How does a credit rating influence your personal loan application?

Published on June 13th, 2020
  Written by 
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Credit rating and personal loan

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Most of us will need a little financial help, especially when it comes to buying something major. A car, a holiday, renovations, or even to consolidate high-interest debts like credit cards. For those of us wondering how successful our loan applications will be or what interest rate we’ll be entitled to, our credit rating, also known as a credit score, can influence a lender or bank’s decision. So how does a credit rating influence a personal loan application? How do credit scores work?

Credit reporting makes the financial world work

Individual credit reporting is the first “port of call” when a bank, lender, or company that extends some sort of credit (like telcos for example) wants to assess your creditworthiness. This means your ability to pay back lenders based on your track record.

A company called a credit reporting agency collects this data through sources such as financial transactions, credit applications, the number of checks on your credit, reporting by banks and lenders if you are not paying your debts on time, or by utility companies if you don’t pay your bills. These are known as defaults. Credit scores help businesses figure out their risk; the higher the risk, the less likely they want to deal with that risk.

Your credit score explained

Your credit score usually ranges from 0 to 1,200 – though some agencies (in Australia especially) rate customers from 0 to 800. Ratings between 833 and 1,200 are considered “excellent,” and a rating between 832 and 622 is considered “good” while credit scores below 621 are considered “poor.” A poor score means higher risk, which makes banks and lenders reluctant to lend to such customers. Lower credit scores mean more expensive personal loans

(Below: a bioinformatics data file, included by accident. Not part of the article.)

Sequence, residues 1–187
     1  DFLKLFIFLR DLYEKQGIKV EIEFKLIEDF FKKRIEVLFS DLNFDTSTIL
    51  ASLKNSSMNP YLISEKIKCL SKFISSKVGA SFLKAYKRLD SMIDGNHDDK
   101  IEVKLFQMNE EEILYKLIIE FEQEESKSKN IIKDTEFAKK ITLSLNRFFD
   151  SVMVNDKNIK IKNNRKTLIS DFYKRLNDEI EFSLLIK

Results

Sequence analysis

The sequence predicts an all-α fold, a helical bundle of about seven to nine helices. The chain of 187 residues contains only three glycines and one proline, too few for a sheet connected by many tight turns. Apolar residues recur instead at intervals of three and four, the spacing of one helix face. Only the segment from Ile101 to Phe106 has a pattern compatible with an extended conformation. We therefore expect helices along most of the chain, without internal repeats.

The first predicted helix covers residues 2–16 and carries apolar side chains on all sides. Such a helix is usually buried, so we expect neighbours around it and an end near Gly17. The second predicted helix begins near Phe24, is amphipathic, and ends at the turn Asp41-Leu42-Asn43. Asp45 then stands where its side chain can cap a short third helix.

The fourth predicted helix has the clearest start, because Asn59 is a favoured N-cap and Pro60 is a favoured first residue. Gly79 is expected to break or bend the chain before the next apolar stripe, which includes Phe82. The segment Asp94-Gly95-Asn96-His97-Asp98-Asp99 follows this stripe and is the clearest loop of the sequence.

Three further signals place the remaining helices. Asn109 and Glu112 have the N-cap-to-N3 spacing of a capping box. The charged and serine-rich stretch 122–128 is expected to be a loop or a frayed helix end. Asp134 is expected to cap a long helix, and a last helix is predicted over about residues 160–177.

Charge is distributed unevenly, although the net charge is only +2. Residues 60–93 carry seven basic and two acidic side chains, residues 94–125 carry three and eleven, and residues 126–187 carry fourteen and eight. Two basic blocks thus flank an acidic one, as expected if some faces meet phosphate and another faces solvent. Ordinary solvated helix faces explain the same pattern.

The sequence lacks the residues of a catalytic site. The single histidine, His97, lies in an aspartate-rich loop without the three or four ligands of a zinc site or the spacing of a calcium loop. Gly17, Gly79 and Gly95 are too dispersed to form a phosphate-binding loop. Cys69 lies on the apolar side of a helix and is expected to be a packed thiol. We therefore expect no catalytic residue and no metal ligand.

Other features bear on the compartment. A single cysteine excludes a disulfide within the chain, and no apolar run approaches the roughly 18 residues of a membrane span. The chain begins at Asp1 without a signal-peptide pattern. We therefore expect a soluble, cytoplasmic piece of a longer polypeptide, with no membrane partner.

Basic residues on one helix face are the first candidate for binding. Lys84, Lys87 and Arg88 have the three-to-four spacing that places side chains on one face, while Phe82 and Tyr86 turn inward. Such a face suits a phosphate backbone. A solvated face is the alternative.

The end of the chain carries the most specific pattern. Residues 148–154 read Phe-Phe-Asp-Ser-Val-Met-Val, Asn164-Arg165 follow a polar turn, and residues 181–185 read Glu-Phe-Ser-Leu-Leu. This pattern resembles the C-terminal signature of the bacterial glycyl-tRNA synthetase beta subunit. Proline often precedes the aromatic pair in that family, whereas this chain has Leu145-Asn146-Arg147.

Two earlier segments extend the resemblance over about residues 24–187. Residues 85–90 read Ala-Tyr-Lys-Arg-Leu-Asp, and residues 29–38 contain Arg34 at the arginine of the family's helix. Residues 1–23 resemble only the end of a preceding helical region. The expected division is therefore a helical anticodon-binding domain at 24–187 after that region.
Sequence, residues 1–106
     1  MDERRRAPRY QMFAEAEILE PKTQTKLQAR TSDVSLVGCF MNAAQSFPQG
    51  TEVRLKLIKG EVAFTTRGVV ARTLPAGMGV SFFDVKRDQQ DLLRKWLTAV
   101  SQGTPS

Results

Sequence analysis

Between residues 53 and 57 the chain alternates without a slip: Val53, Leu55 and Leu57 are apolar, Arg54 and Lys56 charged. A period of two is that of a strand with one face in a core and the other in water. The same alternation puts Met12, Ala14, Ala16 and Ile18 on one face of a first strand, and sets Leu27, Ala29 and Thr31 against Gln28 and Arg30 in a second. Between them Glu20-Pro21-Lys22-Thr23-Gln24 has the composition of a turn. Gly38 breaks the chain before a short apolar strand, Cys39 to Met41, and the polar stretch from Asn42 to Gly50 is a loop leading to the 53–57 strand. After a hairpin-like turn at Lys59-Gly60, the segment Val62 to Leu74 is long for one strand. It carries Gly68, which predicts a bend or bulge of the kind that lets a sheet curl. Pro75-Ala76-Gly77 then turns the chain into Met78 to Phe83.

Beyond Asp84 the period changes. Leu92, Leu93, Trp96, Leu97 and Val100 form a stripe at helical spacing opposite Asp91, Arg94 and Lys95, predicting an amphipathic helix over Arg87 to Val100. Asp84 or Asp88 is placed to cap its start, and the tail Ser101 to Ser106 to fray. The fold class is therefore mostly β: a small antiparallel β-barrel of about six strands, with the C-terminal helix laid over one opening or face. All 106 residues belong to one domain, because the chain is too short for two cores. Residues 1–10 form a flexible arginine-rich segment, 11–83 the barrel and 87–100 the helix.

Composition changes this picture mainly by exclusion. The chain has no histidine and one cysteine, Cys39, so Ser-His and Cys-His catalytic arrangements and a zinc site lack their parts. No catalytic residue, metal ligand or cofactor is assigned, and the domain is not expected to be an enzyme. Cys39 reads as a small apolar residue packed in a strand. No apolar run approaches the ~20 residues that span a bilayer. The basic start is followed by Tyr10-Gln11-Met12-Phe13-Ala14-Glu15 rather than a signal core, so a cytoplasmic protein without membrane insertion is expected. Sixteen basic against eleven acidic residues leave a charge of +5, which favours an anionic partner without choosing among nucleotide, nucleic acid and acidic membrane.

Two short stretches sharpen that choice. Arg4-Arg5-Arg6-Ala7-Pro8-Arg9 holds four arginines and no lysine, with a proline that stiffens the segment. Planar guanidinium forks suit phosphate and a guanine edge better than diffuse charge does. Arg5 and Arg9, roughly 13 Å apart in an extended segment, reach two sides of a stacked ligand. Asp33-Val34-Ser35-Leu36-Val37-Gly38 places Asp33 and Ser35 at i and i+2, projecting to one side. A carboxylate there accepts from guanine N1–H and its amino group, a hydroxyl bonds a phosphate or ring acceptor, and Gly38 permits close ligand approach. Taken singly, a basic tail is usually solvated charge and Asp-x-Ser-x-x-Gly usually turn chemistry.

As “insurance” against a customer defaulting on their loan, a lender will charge higher interest rates (known as “sub-prime” or “bad credit”) to compensate for their risk. Someone with “excellent” credit may gain a loan at 9% – people with “poor” credit could face interest rates upward of 20%.

How to improve your credit score

Fortunately, credit reporting agencies keep only seven years’ worth of records. You can start correcting your credit over time by paying all your bills on time and in full and paying off debts. Another good idea is to lower your credit card limits – if you have a $10,000 limit you never use, lower it to something within your means. You should also limit the amount of credit applications you make, as this can contribute to lowering your score.

Credit reports can also contain errors – and it’s up to you to fix them. If you lived in a share house and one tenant forgot to pay a bill in your name, the default will be applied to you. Make sure to get your free credit report from a credit reporting agency before applying for any kind of loan. It might save you money.

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This guide provides general information and does not consider your individual needs, finances or objectives. We do not make any recommendation or suggestion about which product is best for you based on your specific situation and we do not compare all companies in the market, or all products offered by all companies. It’s always important to consider whether professional financial, legal or taxation advice is appropriate for you before choosing or purchasing a financial product.

The content on our website is produced by experts in the field of finance and reviewed as part of our editorial guidelines. We endeavour to keep all information across our site updated with accurate information.

Approval for personal loans is always subject to our lender’s terms, conditions and qualification criteria. Lenders will undertake a credit check in line with responsible lending obligations to help determine whether you’re in a position to take on the loan you’re applying for.

The interest rate, comparison rate, fees and monthly repayments will depend on factors specific to your profile, such as your financial situation, as well as others, such as the loan’s size and your chosen repayment term. Costs such as broker fees, redraw fees or early repayment fees, and cost savings such as fee waivers, aren’t included in the comparison rate but may influence the cost of the loan. Different terms, fees or other loan amounts may result in a different comparison rate.

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